Letters to the Editor: 07.28.16

Our readers comments

Racist Colorism

Montauk

July 22, 2016

Dear David:

I was truly appalled at Irene Silverman’s article on the Freetown meeting last Sunday. Ms. Silverman’s racist preconceptions permeate an article that should have been about people coming together to record memories of an important neighborhood to East Hampton’s history. Instead, the article dwelled on the same kind of racist colorism that ended the Montauk Indians existence as a tribe in 1912. 

Two years ago I was interviewed by Ms. Silverman regarding the George Fowler house and was told “surely you’re a white person,” to which I responded that there were no known white people in my family. Perhaps, I thought, she had never experienced someone like me, had never seen the films “Pinky,” and “Imitation of Life,” or did not understand that people of color do not count those who forced our great-grandmothers, or other relatives, sexually as “family.” But I thought she was intelligent enough to understand. Wrong.

At the interview I had given her a photo of George Fowler Sr. steering the gondola with Thomas Moran’s wife and daughter as passengers. On the following Wednesday, I received a frantic call from Ms. Silverman stating that the photo could not be run because “everyone in the (Star) office says it’s a photo of a white man.” Shocked, dismayed, and unbelieving, I did Ms. Silverman’s job for her by citing the museum reference chapter and verse and telling her where she could find it online.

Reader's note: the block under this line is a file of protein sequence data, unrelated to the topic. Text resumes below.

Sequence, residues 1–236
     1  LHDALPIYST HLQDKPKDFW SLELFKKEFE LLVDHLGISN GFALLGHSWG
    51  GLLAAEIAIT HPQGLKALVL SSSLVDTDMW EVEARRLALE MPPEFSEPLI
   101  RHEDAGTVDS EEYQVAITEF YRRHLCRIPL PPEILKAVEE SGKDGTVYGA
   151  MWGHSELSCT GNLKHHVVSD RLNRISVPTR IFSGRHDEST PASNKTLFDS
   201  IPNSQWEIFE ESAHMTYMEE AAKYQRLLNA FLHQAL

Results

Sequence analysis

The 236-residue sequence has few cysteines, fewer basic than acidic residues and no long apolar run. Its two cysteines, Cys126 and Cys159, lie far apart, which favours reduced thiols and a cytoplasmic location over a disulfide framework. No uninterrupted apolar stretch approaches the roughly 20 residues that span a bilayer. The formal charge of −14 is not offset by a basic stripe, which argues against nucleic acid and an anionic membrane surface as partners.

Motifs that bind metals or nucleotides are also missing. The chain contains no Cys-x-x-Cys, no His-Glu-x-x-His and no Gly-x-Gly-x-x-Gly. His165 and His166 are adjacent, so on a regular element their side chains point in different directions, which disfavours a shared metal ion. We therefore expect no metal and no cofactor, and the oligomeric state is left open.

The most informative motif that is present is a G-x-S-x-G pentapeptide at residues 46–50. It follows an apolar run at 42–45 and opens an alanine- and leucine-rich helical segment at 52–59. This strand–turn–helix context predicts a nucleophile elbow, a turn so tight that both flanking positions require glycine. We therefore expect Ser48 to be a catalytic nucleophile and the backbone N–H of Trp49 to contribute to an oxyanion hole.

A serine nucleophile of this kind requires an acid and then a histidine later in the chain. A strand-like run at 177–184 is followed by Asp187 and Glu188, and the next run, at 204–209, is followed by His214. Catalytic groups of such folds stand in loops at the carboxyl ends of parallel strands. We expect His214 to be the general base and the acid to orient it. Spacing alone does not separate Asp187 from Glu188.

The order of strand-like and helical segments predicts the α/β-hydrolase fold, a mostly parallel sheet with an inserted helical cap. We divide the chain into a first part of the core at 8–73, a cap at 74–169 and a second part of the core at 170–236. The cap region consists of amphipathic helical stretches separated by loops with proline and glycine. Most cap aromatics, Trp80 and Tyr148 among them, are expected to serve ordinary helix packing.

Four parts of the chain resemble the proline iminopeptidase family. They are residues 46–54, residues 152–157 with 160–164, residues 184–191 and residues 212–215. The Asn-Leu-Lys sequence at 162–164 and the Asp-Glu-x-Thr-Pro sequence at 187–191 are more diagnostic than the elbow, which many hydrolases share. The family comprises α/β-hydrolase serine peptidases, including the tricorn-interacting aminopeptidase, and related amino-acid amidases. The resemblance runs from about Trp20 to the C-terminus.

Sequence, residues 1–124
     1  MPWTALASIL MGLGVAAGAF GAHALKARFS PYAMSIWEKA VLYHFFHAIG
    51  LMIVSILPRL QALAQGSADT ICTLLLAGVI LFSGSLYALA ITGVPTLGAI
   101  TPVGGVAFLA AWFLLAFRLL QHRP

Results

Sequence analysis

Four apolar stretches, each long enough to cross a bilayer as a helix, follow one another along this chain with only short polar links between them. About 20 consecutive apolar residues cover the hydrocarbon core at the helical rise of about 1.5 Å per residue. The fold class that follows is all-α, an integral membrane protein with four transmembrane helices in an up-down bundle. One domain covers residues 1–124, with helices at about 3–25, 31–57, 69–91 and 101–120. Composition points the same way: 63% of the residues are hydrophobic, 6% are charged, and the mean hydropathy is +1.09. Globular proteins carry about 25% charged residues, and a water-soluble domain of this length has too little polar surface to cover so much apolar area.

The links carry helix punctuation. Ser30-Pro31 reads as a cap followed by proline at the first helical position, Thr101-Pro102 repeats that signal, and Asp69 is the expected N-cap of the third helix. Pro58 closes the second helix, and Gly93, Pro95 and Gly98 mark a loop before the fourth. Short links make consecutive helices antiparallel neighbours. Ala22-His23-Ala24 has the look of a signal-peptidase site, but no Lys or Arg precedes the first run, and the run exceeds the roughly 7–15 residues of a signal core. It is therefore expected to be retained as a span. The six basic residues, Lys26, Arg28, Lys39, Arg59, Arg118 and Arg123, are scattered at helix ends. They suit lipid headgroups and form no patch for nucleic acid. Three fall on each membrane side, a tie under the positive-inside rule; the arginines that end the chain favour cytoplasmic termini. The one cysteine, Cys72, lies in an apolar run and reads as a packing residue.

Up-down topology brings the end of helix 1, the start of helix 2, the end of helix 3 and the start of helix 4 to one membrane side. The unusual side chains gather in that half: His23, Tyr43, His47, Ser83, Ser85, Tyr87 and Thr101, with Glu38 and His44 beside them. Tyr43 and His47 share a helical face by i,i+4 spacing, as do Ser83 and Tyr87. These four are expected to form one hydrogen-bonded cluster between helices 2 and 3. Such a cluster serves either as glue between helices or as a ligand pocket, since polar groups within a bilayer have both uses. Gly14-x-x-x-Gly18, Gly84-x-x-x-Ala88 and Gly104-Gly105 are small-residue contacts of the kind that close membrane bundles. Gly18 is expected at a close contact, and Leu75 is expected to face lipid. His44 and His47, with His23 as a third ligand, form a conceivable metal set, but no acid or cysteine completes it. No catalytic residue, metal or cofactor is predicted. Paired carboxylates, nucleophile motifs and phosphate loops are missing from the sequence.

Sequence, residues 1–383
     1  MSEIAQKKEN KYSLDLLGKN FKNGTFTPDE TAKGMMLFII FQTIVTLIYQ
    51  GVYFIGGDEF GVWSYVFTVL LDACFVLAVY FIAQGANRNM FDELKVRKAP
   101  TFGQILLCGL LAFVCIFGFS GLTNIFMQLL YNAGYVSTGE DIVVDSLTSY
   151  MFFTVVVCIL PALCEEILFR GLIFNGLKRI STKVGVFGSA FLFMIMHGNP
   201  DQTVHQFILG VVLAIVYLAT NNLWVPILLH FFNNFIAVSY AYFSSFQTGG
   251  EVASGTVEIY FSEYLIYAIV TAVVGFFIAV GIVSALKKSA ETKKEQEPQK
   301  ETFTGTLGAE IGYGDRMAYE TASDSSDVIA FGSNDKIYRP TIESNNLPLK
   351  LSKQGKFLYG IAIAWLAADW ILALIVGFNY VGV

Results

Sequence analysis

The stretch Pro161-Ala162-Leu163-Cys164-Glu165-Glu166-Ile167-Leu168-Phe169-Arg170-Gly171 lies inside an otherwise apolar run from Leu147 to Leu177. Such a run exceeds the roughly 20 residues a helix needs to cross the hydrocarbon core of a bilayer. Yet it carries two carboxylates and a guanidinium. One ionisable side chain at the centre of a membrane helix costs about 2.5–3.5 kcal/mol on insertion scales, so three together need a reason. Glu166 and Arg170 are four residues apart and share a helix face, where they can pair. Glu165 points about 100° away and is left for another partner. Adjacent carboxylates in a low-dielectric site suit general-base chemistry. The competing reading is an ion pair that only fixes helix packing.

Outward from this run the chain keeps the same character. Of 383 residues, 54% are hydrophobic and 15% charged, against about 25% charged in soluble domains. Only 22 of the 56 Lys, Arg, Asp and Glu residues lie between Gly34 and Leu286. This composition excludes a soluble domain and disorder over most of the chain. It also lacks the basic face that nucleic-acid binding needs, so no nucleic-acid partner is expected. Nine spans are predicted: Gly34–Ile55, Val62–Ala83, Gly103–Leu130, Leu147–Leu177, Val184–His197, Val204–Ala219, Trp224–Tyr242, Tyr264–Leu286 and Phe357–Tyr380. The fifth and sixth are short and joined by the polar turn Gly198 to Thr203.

I attended the Freetown meeting only to be interviewed by the team of interviewers and to share my unique — even karmic — experiences as a member of the Freetown community. I was not interviewed by Ms. Silverman. My Freetown experiences started because I was raised in the foster home of Nellie LaPorte (God’s gift to children) and her husband, Francis, who were related to the Fowler family by Joe LaPorte’s marriage to the daughter of George Fowler Sr. 

It was not until I was near 40 years old that I learned that my Devine family were descended from William Fowler, George Fowler Sr.’s, grandfather. And it was not until several years after that that I learned that, on my mother’s side, I was related to, or associated with, a large part of the black community from Dinwiddie County, Va. 

No one who has not experienced it knows the deep existential pain and suffering of not knowing who you are. Nor does anyone who has not experienced it know the absolute joy of being delivered from that hell by the hand of God acting to reveal not only your identity but the meaning you were placed in a specific place at a specific time and for specific purposes.

Ms. Silverman once thought George Fowler Sr. looked like a white man. In her article, she reported that he is believed to be the last “full-blood” Montaukett — a term that is meaningless to us in the tribal context today. I would suggest she read the description of his father, which I referred her to two years ago, in the transcript of the New York Supreme Court case that took our rights away. I think she will learn something.

Ms. Silverman said we found cousins that “we never knew existed.” That’s just hogwash. All the Amityville Fowlers, Brewsters, and Devines are my relatives and we may not have met one another, but we all know that fact. 

Finally, I want to be perfectly clear. It appalls me, at a time of particularly dangerous racial discontent, violence, and misconceptions, that such an article could be written in the 21st century. I am who I am, and who I say I am. If anyone does not believe it because they have racial preconceptions that make it impossible for them to accept that, it’s too damned bad!